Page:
After recovering from his wounds, he transferred to the 1st Cavalry Division and was assigned to a long-range reconnaissance platoon. 

On Jan. 1, 1968, Stone’s platoon, part of two battalions, was patrolling along the Cambodian border. That night, they came under a massive attack from a North Vietnamese regiment which outnumbered them.

The battle would last ’till nearly dawn. “The sound of small-arms fire, heavy artillery and bombs hardly let up all night, bigger than any fireworks I’d ever seen. Stunningly beautiful, in its way,” he wrote.

“And now there was an enormous roar, like I suppose the end of the world sounds. Like a shark cutting through water, an F-4 Phantom jet fighter was coming in very low over our perimeter out of the night sky. So low, that doomsday sound. They were going to drop their payload on us and we were all going to die.”

“I jumped into the closest foxhole and buried myself as deep as I could in the earth, which trembled and shook as a 500-pound bomb dropped somewhere close,” he recalled.

“Full daylight revealed charred bodies, dusty napalm and gray trees. Men who died grimacing, in frozen positions, some of them still standing or kneeling in rigor mortis, white chemical death on their faces. Dead, so dead. Some covered in white ash, some burned black. Their expressions, if they could be seen, were overtaken with anguish and horror.”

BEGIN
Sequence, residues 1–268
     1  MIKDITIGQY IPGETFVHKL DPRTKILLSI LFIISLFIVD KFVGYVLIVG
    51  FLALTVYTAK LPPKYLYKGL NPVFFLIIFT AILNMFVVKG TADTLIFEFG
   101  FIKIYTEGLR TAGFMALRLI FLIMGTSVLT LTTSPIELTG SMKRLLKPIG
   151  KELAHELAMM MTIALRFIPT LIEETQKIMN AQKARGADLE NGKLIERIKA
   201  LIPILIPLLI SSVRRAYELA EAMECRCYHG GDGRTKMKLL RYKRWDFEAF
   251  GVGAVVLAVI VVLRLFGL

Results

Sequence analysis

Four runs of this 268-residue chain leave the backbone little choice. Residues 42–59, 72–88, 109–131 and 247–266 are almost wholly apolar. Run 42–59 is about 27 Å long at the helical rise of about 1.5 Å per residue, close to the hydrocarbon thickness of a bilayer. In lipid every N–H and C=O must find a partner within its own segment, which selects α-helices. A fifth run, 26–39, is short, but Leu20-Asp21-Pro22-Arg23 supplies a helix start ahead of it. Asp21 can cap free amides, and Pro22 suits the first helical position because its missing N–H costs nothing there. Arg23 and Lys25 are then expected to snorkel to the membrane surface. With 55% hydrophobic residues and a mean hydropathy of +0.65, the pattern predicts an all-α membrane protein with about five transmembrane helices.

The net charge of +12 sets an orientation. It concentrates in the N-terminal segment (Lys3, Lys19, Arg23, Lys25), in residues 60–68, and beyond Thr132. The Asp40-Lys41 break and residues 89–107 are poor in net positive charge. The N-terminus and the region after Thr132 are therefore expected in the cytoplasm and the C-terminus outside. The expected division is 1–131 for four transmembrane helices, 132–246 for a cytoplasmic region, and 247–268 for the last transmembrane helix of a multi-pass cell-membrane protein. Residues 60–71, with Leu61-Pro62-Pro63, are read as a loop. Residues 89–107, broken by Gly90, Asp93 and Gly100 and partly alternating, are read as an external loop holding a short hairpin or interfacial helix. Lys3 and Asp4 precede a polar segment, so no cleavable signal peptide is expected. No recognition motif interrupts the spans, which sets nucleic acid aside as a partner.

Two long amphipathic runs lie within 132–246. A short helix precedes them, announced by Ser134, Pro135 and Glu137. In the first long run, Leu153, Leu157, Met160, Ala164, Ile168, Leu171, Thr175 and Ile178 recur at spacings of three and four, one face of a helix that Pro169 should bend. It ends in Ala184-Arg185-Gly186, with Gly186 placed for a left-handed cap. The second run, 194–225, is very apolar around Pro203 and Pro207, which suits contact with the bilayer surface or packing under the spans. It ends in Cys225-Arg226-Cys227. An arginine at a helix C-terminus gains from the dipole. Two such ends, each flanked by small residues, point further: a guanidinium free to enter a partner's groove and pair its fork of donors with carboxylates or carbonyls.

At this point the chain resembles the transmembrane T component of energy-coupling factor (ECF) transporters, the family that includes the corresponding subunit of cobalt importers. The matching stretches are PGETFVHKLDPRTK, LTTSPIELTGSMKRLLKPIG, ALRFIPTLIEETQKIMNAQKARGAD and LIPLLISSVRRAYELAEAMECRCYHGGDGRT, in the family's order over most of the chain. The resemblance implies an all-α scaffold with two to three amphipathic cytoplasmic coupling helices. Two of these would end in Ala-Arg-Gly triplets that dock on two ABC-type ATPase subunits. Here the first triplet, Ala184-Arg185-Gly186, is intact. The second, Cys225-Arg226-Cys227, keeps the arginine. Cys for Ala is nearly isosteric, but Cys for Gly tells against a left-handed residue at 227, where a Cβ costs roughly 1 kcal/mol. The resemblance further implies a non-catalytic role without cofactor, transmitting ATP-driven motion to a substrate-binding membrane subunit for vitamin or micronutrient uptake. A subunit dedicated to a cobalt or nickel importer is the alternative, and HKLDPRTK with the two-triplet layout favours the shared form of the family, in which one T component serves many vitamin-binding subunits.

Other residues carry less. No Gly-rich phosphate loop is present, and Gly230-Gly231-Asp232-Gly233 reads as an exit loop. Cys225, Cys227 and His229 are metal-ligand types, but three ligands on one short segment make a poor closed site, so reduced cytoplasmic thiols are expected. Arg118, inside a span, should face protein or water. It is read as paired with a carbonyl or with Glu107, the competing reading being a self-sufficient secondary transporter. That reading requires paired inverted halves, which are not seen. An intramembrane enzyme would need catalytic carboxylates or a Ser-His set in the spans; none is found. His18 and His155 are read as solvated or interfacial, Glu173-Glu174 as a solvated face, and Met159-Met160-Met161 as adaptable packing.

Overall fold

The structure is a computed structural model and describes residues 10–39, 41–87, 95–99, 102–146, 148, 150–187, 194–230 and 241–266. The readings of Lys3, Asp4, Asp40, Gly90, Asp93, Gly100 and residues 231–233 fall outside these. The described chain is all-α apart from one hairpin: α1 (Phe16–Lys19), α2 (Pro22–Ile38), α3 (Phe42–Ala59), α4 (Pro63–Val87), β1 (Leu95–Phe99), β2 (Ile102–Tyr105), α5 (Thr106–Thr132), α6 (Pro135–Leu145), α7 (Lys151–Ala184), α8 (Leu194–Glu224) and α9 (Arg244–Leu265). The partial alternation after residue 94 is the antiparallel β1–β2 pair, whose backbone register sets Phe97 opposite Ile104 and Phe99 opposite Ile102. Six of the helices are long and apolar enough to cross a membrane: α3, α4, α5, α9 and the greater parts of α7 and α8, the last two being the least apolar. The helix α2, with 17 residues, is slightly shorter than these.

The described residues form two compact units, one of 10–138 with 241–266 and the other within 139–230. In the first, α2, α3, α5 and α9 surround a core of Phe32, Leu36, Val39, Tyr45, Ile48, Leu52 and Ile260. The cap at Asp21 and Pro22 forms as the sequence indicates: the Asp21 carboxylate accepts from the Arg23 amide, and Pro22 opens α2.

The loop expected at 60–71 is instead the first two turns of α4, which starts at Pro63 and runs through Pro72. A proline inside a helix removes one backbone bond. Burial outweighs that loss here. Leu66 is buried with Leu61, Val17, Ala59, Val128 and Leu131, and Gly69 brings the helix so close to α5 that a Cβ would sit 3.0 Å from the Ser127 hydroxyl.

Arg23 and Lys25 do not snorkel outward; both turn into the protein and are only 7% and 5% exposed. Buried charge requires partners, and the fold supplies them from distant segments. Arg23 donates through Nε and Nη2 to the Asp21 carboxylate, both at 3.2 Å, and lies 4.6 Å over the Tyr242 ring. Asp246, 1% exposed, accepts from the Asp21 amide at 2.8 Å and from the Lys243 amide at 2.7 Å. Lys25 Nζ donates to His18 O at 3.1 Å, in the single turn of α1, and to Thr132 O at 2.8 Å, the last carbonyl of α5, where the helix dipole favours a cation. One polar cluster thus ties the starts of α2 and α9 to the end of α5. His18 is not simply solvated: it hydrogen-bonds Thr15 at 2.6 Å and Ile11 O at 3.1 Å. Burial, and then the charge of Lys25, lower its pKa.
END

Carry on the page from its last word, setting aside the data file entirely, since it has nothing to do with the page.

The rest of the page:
“In the next hours I grasped the extent of what had happened. Most of the dead were fully uniformed, well-armed North Vietnamese regulars. Those who were relatively intact we brought in on stretchers, walking out to find them, or pieces of them. A bulldozer had been airlifted in to dig burial pits. I helped throw the bloating bodies into the giant pits late into that day.”

“There were maybe 400 of their dead. We’d lost some 25 men, with more than 150 wounded, yet I hadn’t fired a single shot or even seen one enemy soldier. It was bizarre,” he wrote.

“We worked in rotating shifts, two men, three men, swinging the corpses like a haul of fish from the sea. Later we poured fuel on them, and then the bulldozers rolled mounds of dirt over them, so they’d be forever extinct. I was too young to understand. No person should ever have to witness so much death,” he said.